2.3 Reporting on traceability and control
Companies should report on the extent to which they know and/or control the origins of materials in their supply chains to assess and ascertain compliance with commitments. As described in Core Principle 5 and the Operational Guidance on Supply Chain Management, this may be done through full traceability and/or effective control systems. This aspect of reporting has two principal components:
- Traceability: Companies should report on the proportion of supply chain volume that is traceable to specific direct or indirect suppliers at each supply stage (e.g., farm or farmer group, mill or silo, trader, direct supplier) as well as the proportion of volume that is not traceable to specific suppliers but can be traced to specific areas of origin (e.g., radius around a mill, a jurisdiction, or a country). This information should be disaggregated by relevant factors including commodity, sourcing origin, or major suppliers.
- Control: Companies should report on the proportion of supply chain volume and/or the subset of their suppliers for which the level of compliance is known. This information should be disaggregated by the same kinds of relevant factors noted in the point above. If the company uses control systems to manage or ensure compliance of upstream suppliers, the identity of each such control system and associated product volume or supplier should be specified. Such control measures include some certification, identification of low-risk jurisdictions and/or participation in effective jurisdictional approaches, and verification of effective control mechanisms by direct suppliers.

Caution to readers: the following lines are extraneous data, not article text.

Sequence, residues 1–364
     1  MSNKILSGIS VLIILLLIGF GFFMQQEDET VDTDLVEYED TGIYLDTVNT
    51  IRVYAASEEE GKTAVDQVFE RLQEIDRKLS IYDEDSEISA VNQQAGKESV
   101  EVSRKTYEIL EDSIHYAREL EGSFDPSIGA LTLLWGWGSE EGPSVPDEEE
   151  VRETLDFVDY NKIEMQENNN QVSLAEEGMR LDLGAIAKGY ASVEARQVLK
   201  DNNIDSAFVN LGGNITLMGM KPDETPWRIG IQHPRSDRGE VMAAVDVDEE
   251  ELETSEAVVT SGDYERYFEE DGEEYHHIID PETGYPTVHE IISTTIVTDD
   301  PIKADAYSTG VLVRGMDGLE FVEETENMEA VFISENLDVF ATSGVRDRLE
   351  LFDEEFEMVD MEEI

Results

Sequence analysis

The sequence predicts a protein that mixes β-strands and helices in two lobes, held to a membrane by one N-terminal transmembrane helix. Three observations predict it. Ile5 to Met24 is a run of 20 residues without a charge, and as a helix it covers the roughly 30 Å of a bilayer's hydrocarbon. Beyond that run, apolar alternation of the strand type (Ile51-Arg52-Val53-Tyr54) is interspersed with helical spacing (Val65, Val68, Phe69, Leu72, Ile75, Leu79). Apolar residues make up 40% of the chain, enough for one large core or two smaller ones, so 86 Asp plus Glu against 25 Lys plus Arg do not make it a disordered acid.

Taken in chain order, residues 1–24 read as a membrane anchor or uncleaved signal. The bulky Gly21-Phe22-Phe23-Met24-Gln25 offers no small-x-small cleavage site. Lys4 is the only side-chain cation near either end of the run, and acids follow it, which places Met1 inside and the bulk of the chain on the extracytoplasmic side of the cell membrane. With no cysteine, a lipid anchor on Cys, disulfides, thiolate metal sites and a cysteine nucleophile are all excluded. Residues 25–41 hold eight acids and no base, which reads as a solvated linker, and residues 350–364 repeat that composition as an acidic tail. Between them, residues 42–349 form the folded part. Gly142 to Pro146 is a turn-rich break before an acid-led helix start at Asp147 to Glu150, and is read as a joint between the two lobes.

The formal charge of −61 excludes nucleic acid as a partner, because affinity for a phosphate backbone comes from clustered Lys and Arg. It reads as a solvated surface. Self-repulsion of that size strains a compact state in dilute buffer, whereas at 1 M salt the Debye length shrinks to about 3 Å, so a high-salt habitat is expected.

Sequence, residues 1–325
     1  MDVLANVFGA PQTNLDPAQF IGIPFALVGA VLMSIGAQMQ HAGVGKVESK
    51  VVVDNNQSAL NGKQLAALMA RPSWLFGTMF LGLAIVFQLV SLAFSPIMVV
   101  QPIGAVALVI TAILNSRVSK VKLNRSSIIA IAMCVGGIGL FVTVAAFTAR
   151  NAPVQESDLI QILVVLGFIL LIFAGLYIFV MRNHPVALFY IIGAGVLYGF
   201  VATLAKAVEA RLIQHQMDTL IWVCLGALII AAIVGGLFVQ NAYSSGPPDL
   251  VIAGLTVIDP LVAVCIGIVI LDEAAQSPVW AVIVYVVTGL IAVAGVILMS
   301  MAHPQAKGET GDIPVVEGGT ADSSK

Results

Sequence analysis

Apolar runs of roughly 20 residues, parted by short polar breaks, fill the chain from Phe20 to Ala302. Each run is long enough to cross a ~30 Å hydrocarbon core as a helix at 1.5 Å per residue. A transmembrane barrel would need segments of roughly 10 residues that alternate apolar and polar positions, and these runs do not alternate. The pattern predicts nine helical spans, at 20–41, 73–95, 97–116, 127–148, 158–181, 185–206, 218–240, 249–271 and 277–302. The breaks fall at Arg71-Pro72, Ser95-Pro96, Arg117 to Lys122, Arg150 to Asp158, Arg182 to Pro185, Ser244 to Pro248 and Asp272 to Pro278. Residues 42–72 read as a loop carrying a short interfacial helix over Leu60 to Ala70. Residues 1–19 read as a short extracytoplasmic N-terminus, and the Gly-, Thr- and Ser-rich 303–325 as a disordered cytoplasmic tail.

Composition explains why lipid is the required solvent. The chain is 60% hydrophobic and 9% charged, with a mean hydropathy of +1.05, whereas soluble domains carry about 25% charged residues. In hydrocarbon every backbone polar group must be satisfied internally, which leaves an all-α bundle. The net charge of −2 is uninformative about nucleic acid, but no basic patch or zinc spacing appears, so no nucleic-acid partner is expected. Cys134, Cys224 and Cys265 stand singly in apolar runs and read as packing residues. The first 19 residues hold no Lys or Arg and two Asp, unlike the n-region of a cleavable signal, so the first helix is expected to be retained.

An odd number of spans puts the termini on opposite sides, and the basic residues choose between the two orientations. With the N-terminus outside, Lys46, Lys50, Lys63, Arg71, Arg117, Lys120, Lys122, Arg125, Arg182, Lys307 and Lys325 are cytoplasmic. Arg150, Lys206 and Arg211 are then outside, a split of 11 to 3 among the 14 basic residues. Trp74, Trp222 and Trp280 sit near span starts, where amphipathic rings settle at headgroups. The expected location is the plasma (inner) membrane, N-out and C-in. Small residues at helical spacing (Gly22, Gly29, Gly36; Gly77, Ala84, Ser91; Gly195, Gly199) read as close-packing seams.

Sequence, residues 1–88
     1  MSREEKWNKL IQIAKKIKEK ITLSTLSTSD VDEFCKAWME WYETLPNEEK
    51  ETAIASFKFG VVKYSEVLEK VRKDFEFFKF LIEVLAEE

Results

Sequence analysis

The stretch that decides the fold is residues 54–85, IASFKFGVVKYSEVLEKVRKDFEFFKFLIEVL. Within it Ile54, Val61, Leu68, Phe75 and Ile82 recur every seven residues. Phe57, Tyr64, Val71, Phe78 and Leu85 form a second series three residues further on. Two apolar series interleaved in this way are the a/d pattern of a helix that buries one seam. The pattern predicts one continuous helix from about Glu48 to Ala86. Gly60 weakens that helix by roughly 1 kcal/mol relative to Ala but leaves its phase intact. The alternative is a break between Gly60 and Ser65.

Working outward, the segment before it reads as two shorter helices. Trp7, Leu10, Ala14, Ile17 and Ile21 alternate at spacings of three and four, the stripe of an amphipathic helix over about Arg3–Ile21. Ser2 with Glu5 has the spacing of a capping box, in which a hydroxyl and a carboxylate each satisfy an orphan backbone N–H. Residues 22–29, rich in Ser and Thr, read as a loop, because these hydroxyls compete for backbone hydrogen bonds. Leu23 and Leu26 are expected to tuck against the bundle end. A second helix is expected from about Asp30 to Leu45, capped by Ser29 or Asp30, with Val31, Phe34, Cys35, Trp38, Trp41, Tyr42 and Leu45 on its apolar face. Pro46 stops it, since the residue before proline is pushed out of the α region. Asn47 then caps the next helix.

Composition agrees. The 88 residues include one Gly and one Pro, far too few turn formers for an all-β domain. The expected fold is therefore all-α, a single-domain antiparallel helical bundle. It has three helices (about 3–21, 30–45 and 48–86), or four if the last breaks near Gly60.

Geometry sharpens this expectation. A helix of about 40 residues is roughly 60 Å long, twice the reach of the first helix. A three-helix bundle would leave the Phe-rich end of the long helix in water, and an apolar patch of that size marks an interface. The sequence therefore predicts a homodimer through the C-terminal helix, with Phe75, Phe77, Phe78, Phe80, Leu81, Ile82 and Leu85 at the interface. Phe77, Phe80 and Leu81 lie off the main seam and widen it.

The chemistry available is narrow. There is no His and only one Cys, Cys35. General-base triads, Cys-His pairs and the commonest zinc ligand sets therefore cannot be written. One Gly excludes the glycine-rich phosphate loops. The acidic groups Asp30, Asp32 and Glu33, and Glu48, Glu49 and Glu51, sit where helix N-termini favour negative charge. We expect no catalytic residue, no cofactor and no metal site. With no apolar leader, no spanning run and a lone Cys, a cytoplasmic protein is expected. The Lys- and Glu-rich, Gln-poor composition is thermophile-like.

In both cases, companies should report on the methodologies used to verify these traceability and control mechanisms.
2.4 Reporting on compliance with and outcomes of commitments
Companies should report accurate and complete information regarding the degree of progress towards fulfilling their commitments and meeting any targets or milestones specified in relation to those commitments. This reporting should include information about both the present level of compliance and the trend over time. In addition to reporting on progress towards compliance, companies should report on outcomes or impacts of company operations and supply chains on deforestation, conversion, ecosystem protection, and human rights. Companies should endeavor to demonstrate the ways in which progressive fulfilment of their commitments is linked to a reduction of negative impacts and/or increase of positive impacts of their operations and supply chain on natural ecosystems and human rights. This information should enable stakeholders to understand the extent to which companies have fulfilled their commitments and interim targets, year-on-year trends towards such goals and milestones, and real-world outcomes of that progress.
Information on compliance and progress may be derived through several different approaches and sources.These include:
- Monitoring data on the company’s own operations (e.g., production or processing sites) or supplier operations, collected by the company itself or by service providers or auditors in accordance with the Accountability Framework or other credible good-practice frameworks; this approach is most relevant for producers, upstream companies, and companies with visibility to the production base